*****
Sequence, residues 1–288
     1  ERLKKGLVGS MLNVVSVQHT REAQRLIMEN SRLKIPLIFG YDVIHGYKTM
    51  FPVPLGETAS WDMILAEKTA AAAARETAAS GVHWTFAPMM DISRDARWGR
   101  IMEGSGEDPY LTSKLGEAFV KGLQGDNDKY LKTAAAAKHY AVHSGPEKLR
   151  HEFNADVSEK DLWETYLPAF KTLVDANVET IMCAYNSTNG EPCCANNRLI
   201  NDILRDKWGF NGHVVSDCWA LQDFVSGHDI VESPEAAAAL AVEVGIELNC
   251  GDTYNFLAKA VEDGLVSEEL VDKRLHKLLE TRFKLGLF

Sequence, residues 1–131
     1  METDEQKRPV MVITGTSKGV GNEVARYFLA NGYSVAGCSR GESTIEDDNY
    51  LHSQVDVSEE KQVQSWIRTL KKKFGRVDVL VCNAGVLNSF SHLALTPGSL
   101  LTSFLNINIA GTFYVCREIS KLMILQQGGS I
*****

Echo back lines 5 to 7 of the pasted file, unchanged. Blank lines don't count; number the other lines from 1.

   151  HEFNADVSEK DLWETYLPAF KTLVDANVET IMCAYNSTNG EPCCANNRLI
   201  NDILRDKWGF NGHVVSDCWA LQDFVSGHDI VESPEAAAAL AVEVGIELNC
   251  GDTYNFLAKA VEDGLVSEEL VDKRLHKLLE TRFKLGLF